Trump 'to call for China IP trade probe tomorrow'

Lucy Hill
August 14, 2017

"They know how I feel", Trump told reporters on Thursday.

Apple, which has a turnover of more than $30 billion a year in China, is now subject to several measures taken by Beijing that hinder its activities in the country.

Additional evidence of a connection between the trade action and the North Korea crisis comes from the fact the executive memorandum Trump will sign on Monday was originally expected more than a week ago.

Section 301 of the Trade Act of 1974, a popular trade tool in the 1980s that has been rarely used in the past decade, allows the president to unilaterally impose tariffs or other trade restrictions to protect US industries from "unfair trade practices" of foreign countries. That effort passed by a 15-0 vote.

"China's unfair trade practices and industrial policies, including forced technology transfer and intellectual-property theft, harm the USA economy and workers", a second official said.

China, because of this view, will only do a few things to try and talk North Korea into coming around to a more reasonable posture. "This is simply business between two countries".

At the same time, it could alienate China's leadership, which is urging the Trump administration to limit its confrontational language as it faces off against the regime in Pyongyang.

American companies "should not be forced or coerced to turn over the fruits of their labor", a second administration official said. "Innovation in the USA economy should not be put at risk by policies that force companies to turn over their proprietary technologies and intellectual property".

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Gordon Sun (孫明德), director of the Economic Forecasting Center under the Taiwan Institute of Economic Research, warned that if the US eventually imposes trade sanctions against China, "Taiwan should not take pleasure in (China's) misfortune". "China is widely recognized to be the biggest source of the problem", the official added.

Mr Trump's threat to investigate China's IP and trade practices is valid, but his administration may not be up to the delicate task of carrying out a new China probe without sparking a damaging trade war, USA business lobbyists said.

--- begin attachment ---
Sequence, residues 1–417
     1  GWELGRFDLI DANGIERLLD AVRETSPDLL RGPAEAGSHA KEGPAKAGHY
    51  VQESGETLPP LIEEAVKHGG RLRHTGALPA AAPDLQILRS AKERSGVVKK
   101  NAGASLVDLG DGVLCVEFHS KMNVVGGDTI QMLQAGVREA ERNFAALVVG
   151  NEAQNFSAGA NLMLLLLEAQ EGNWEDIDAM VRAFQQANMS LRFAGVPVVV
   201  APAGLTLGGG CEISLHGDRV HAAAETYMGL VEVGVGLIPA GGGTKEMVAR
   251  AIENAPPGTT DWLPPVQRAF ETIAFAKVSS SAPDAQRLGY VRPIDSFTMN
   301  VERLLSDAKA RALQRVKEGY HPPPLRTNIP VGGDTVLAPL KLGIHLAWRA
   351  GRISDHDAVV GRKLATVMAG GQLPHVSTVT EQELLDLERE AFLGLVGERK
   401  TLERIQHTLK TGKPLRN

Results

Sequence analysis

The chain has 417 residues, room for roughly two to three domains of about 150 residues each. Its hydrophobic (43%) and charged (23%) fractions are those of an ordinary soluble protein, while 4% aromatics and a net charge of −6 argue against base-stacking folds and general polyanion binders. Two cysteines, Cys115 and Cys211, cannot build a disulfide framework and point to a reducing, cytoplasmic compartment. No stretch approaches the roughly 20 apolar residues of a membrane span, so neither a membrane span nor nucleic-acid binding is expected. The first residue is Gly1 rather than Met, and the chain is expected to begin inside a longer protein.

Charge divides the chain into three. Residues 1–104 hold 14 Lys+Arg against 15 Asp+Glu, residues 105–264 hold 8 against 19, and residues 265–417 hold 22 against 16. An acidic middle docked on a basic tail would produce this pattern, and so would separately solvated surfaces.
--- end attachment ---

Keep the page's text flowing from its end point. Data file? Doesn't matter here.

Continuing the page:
Should Lighthizer decide to launch such an investigation, "he will have at his discretion broad powers to use all applicable measures, including, but not limited to, Section 301 of the Trade Act of 1974, which provides a basis for addressing technology transfer practices that may be harming the US economy, exports and American jobs", an administration official said. Such an investigation could easily last a year.

Like the president, Lighthizer has criticized multilateral venues such as the World Trade Organization for failing to provide adequate tools to address China's economic violations.

The officials said that matter, and the trade issue, are not linked.

The officials, who spoke on condition of anonymity, bluntly accused China of "stealing our intellectual property" - long a concern of Western companies seeking a share of the enormous Chinese market. That initiative sets forth a long-term plan for China's dominance in a wide variety of high-tech industries, including electric vehicles, advanced medical products and robotics. Officials, speaking to reporters on the Saturday conference call, said their intention was not to punish Beijing but to negotiate an agreement that clawed back some of the estimated $600 billion in intellectual property theft officials estimate is perpetuated by China.

The process Lighthizer will initiate, under Article 302b of the US Commercial Code, could take as long as a year to yield its findings.

Other reports by TheDailyFarc

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